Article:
Oh and that painting?  The one nobody really knew the name of; either "No More" or Gallifrey Falls?"  We're told to put the two options together.  The title of the painting is "Gallifrey Falls No More."  The Doctors' plan succeeded - the Time Lords are still out there, somewhere.

 Eleven asks him if he's supposed to go searching for Gallifrey now, at which point The Curator says "I can only tell you what I'd do if I were you... Ha!  If I were you; perhaps I was you, of course.  Perhaps you're me."  And lo, the fandom exploded with the awesomeness. 

I need a moment to drink in this scene.  It's too much to be gulped down; you have to sip it.

Of course, the "perhaps you'll revisit a few old faces" remark, as well as the fact that Tom Baker appears to be back, living a life that involves him growing old, has led to a frenzy of speculation as to whether the Doctor could, sort of, degenerate back into a previous incarnation.  That's a thought that I would love to be true.  But it's also a discussion for another blog.

Following their brief, but amazing time together, The Curator disappears and Eleven goes back into the TARDIS.  He tells us that Clara sometimes asks him if he dreams - "of course I dream; everybody dreams" - and he explains that he dreams about where he's going.  As he's talking, he walks out of the TARDIS and towards a line of people, waiting with their backs to him.  Yep, hankies at the ready...

He tells us that he has a new dream now: He's going home.  The long way round.

Perfect.  This ending?  Bloody perfect.

And that's that.  Eleven, who we know we're going to lose at Christmas (I think I need to be quite, quite drunk to get through that episode), joins the illustrious brigade of Doctors who've come before him and the potential quest for Gallifrey in series 8 is set up rather beautifully.  Interestingly, I've spent this entire blog calling Matt "Eleven," when the inclusion of John Hurt in the end credits makes it pretty clear that he's actually "Twelve."  But don't mess with my head.  It's really late and he'll always be Eleven to me.

At this point, I want to say a soppy thank you to everyone involved in Doctor Who.  Not just those involved in this episode, but I mean everyone.  From the brave, determined team back in 1963, to the gang behind the show's triumphant return in 2005.  From every single runner, camera operative, make up artist and sound engineer, to each and every actor who has taken on that iconic, title role.  Thank you.  For making us laugh.  For making us cry.  For maybe teaching us a thing or two along the way.  Thank you.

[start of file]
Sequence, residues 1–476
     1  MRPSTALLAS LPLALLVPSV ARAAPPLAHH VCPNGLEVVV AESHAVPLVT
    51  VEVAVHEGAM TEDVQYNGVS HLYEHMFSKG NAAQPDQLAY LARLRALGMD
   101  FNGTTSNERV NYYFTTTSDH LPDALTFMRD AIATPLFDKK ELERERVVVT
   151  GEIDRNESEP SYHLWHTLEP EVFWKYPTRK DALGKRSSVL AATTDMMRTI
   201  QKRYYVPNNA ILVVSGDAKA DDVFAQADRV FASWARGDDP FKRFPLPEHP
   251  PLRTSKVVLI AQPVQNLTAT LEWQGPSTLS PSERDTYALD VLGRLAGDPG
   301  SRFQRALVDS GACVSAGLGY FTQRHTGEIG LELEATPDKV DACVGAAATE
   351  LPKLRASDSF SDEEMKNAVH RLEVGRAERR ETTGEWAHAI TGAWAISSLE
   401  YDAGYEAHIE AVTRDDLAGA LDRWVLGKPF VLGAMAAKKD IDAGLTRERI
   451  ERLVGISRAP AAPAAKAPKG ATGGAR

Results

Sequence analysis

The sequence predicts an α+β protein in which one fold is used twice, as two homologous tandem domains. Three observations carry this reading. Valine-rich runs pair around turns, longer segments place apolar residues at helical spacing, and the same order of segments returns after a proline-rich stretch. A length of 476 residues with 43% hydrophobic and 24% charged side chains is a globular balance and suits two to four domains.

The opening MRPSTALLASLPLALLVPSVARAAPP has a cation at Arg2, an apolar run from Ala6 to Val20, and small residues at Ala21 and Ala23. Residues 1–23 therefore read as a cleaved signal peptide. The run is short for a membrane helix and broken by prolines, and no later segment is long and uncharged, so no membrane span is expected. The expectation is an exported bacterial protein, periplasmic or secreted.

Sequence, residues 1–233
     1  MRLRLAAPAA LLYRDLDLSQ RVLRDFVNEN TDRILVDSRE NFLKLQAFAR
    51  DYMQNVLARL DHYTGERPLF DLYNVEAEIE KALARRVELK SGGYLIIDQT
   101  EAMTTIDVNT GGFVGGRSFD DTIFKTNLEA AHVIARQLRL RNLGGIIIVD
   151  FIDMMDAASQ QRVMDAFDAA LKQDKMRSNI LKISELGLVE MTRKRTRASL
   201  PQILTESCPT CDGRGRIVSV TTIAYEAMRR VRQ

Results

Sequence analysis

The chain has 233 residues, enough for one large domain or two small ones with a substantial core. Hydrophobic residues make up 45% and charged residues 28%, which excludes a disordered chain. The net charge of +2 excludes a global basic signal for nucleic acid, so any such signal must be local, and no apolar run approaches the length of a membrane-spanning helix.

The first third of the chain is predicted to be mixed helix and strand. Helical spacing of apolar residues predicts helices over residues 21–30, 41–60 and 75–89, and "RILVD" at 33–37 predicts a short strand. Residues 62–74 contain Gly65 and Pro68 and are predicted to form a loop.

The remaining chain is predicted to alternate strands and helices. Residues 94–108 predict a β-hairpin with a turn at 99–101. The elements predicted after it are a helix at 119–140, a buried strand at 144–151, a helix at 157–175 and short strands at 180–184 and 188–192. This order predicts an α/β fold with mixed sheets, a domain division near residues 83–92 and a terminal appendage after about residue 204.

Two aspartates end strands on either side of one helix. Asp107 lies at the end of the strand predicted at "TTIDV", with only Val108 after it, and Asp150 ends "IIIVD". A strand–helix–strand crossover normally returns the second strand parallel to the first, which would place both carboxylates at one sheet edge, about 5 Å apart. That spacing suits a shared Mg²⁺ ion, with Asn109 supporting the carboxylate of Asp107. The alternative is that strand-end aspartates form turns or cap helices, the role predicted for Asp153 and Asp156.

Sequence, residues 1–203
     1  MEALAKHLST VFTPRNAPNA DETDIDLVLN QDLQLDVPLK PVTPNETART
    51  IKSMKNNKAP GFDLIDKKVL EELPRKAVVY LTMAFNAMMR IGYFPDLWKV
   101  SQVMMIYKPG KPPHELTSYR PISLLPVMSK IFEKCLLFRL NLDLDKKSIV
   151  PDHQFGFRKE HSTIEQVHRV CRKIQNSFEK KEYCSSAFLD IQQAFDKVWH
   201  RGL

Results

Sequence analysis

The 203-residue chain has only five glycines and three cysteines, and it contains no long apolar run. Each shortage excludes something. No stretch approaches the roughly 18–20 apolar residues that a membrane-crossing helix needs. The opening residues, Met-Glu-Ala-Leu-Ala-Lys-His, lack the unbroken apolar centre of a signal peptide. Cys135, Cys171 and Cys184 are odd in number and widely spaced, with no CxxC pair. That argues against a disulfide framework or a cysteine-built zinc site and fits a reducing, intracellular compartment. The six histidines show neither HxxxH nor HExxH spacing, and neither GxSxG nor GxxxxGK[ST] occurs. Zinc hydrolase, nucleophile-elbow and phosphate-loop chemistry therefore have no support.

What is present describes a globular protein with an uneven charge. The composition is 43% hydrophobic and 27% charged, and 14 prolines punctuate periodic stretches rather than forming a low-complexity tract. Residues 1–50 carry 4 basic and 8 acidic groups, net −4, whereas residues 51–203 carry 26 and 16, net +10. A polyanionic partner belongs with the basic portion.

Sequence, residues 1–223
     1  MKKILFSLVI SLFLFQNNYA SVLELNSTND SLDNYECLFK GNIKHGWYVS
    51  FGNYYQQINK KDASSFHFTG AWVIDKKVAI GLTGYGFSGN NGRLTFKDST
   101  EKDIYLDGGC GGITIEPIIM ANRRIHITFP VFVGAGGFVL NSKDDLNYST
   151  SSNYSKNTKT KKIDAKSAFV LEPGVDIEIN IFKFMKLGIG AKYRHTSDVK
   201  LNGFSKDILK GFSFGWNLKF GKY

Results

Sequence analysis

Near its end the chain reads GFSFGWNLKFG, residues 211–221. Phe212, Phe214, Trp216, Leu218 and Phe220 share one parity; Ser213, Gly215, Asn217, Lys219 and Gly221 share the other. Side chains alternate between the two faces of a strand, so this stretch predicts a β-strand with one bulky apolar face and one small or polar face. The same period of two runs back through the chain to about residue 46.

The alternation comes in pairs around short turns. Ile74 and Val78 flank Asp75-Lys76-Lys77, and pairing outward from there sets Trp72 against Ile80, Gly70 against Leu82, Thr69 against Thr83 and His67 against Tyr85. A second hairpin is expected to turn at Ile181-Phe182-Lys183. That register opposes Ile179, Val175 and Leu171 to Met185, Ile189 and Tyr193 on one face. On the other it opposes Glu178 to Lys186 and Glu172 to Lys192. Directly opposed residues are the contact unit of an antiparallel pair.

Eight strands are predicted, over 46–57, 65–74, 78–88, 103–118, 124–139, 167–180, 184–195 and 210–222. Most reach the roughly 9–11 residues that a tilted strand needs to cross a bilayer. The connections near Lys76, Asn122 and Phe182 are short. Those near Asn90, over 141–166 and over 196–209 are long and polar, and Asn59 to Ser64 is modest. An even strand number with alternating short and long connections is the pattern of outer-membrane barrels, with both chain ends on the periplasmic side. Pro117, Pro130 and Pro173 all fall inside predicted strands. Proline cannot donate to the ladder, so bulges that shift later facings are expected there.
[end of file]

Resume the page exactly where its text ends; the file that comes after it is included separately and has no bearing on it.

Oh and Matt Smith has said he'd quite like to be in the 60th anniversary in ten years' time.  Make that happen for me, please Moff.  Cheers. ;-)

Thursday, 21 November 2013

Doctor Who's 50th anniversary: Happy Birthday, Sweetie. ;-)

Ladies and gentlemen, let me explain something.  I am a geek.  I am a nerd.  I am proud.  I've no shame in any of my obsessions or any of my eccentricities.  And I am currently loving the chance to openly bask in the glow of one of my biggest loves.   You see, dear readers; I am a Whovian.

Posting pictures in this blog is basically my excuse to geek out.

Doctor Who, a sci-fi show about a Timelord, travelling the universe in a blue police box that's bigger on the inside, first aired on November 23rd 1963.  This Saturday, a special episode will be broadcast to celebrate the show's 50th anniversary.  And what a fifty years it's been!  We've had eleven different Doctors, thanks to the character's ability to regenerate and subtly cheat death.  We've had a veritable army of aliens and monsters - Daleks, Cybermen and Weeping Angels, to name just three.  We've had an endless parade of companions, from the mild-mannered, to the bolshy and impossible.  The show just keeps on going and keeps on growing, with ever more intricate plotlines and an army of devoted fans, desperate to work out what's going to happen next.  With TV and radio dedicating special shows to celebrate the 50th anniversary, I felt I had to hop on board and write something that explains why I love the show so much.

It's NOT only because of this guy.  He's just a bonus... ;-)

I'll hold my hands up:  I'm something of a nuWho fan.  By that, I mean that although I can name every actor who has ever played the Doctor and although I've seen a few classic episodes from 1963 onwards (and enjoyed them and fully plan to watch more) as well as Paul McGann's appearance as the Doctor in 1996 (and enjoyed that, too), it wasn't until 2005, having decided - on something of a whim - to settle down in front of the TV and watch the first episode of the brand new series, that I became almost instantly obsessed.